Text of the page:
Taylor Swift: Only Male and Female Gender Options on Census Form Is a Brutal Erasure of Trans People

FILE - In this Dec. 8, 2017 file photo, singer Taylor Swift performs at Z100's iHeartRadio Jingle Ball at Madison Square Garden in New York. Swift surprised an 8-year-old girl at the Phoenix hospital where she has been recovering from devastating burns. The Arizona Republic reports the pop star showed …
Evan Agostini/Invision/AP

Pop superstar Taylor Swift added to her growing list of social justice grievances, telling millions of fans in an LGBTQ pride video message that the two “gender” options on her census form — male and female — “was so upsetting to me, the erasure of transgender and nonbinary people.” Swift added that fans “obviously” need to exercise their right to vote this year, specifically for candidates who “care about all communities.”

“We had a really good step forward recently with the Supreme Court ruling based on discrimination, based on sex, but we still have so far to go in terms of equality and protections for LGBTQ people and people in the trans community,” the “ME!” singer said in a video Friday featured on the Logo cable channel to commemorate Stonewall Day.

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“I got my Census the other day and there were two choices for gender. There was male and female and that erasure was so upsetting to me, the erasure of transgender and nonbinary people,” Taylor Swift said.

However, the 2020 Census form asks specifically for individuals to identify their “sex” — the term used to refer to the biological differences between males and females — rather than “gender.”

U.S. Census Form

Gender, gender identity, and sexual orientation, according to woke LGBT activist celebrities and politicians, can be far more expansive, including those who identify as pansexual, asexual, and two-spirit.

“When you don’t collect information on a group of people, that means that you have every excuse in the world not to support them. When you don’t collect data on a community, that’s a really, really brutal way of dismissing them,” the Grammy-winning artist said.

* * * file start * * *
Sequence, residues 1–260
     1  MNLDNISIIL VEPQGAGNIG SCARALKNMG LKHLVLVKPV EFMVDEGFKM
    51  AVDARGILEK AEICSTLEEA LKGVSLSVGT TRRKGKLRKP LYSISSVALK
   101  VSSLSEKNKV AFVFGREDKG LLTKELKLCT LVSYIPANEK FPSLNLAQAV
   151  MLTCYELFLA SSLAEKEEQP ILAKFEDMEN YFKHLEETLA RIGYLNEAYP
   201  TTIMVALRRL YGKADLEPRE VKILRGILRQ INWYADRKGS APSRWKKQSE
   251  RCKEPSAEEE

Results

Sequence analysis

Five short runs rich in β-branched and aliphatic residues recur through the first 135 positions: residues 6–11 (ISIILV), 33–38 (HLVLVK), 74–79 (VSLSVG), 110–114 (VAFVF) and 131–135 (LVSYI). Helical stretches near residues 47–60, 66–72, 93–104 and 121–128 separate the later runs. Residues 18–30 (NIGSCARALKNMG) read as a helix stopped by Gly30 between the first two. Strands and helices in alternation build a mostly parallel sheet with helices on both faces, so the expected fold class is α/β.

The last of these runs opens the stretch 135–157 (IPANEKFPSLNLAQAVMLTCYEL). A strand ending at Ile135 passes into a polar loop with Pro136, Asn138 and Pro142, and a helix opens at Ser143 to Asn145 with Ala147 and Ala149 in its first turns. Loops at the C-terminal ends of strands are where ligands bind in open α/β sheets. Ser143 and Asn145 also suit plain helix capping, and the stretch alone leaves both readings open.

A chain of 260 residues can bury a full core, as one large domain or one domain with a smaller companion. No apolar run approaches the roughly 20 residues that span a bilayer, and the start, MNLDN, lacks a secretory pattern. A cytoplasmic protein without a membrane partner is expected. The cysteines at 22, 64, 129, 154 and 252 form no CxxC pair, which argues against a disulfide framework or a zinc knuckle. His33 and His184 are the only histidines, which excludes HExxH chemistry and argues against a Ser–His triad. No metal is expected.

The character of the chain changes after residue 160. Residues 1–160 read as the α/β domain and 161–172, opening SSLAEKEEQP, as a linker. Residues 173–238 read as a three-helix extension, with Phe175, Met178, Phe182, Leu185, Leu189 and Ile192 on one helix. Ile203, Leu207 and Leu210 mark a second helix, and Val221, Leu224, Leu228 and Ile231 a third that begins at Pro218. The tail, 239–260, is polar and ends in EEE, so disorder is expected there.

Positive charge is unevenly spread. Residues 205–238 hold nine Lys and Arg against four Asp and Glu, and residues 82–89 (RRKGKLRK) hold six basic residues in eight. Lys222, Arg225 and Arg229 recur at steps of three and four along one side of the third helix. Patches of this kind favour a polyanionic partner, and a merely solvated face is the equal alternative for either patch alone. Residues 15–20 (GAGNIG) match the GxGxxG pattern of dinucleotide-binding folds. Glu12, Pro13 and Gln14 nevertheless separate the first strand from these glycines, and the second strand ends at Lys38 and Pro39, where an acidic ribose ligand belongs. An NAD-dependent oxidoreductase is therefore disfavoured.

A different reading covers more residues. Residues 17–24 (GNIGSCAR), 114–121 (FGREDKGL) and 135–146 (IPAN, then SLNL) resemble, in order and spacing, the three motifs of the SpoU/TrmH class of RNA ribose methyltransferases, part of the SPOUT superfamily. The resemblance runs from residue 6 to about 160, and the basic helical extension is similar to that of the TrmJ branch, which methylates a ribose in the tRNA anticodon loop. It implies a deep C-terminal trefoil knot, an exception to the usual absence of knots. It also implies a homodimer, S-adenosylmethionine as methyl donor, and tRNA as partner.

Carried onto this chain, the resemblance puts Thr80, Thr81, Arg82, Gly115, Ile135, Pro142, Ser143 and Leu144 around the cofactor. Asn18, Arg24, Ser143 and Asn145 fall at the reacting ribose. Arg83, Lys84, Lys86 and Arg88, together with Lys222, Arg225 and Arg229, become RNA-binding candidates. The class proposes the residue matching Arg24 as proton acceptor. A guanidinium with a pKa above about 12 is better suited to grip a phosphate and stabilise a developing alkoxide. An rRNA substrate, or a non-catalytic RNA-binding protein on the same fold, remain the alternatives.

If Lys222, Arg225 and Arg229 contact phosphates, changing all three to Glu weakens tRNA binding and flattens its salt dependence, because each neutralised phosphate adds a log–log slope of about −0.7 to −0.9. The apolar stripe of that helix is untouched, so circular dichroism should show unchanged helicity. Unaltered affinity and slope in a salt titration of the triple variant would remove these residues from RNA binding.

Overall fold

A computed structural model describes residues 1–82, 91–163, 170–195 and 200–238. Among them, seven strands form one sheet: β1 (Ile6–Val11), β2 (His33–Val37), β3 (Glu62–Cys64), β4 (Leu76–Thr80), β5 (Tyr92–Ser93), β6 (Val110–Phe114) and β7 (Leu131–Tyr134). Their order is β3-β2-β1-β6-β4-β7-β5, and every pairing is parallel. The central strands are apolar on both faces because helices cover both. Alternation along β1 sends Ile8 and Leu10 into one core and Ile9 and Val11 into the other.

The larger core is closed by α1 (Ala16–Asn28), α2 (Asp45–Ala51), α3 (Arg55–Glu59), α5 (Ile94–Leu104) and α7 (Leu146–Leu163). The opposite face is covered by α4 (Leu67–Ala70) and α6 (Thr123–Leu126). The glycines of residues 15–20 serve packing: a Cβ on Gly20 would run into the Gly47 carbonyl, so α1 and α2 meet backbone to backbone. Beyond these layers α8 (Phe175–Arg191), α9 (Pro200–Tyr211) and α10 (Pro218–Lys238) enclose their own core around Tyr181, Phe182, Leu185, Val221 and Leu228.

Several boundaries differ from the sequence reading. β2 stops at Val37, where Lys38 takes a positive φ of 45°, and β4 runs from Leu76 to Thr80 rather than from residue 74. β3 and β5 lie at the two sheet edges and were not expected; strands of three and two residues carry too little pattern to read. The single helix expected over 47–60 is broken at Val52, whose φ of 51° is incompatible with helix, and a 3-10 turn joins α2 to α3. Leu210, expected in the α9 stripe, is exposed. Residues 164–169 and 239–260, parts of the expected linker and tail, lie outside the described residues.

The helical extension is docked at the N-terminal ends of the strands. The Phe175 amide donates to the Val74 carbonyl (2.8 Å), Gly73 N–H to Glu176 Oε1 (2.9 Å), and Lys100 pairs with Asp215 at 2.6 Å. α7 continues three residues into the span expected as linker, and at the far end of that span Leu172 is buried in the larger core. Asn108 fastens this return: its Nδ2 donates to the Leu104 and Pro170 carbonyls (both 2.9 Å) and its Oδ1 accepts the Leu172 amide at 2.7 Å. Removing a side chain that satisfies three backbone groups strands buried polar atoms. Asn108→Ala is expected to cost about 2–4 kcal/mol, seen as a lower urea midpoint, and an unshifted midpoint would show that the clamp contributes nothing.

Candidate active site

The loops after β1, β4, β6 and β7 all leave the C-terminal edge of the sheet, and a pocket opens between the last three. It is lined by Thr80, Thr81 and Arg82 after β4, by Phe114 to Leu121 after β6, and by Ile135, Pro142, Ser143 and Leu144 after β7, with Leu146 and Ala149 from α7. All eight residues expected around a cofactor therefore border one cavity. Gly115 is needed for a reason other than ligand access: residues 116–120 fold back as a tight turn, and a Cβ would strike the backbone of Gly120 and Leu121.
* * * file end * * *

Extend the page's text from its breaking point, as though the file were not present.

Swift said fans “obviously” need to exercise their right to vote this year, because it is crucial to “elect people who care about all communities.”

“Continue fighting the good fight,” she added.

The “Shake it Off” singer experienced her public political awakening ahead of the 2018 midterm elections, smearing then- Rep. Marsha Blackburn (R-TN) as someone who would not protect women or the LGBT community.

“Blackburn’s voting record in Congress appalls and terrifies me,” she said in a social media post at the time. “She voted against equal pay for women. She voted against the Reauthorization of the Violence Against Women Act, which attempts to protect women from domestic violence, stalking, and date rape. She believes businesses have a right to refuse service to gay couples. She also believes they should not have the right to marry. These are not MY Tennessee values.”

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Despite that, Blackburn went on to win her Senate race, but Swift has continued her smear campaign, referring to the Senator as a “homophobic racist.”

Swift, who has admitted her hopes of using her music stoke political fires against “sinister” Republican policies, opted to depict opponents of the LGBT movement as bitter, toothless, uneducated rubes in a music video for her song, “You Need to Calm Down.”

She has also, in recent weeks, accused President Trump of “stoking the fires of white supremacy” and warned that “we will vote you out in November.”

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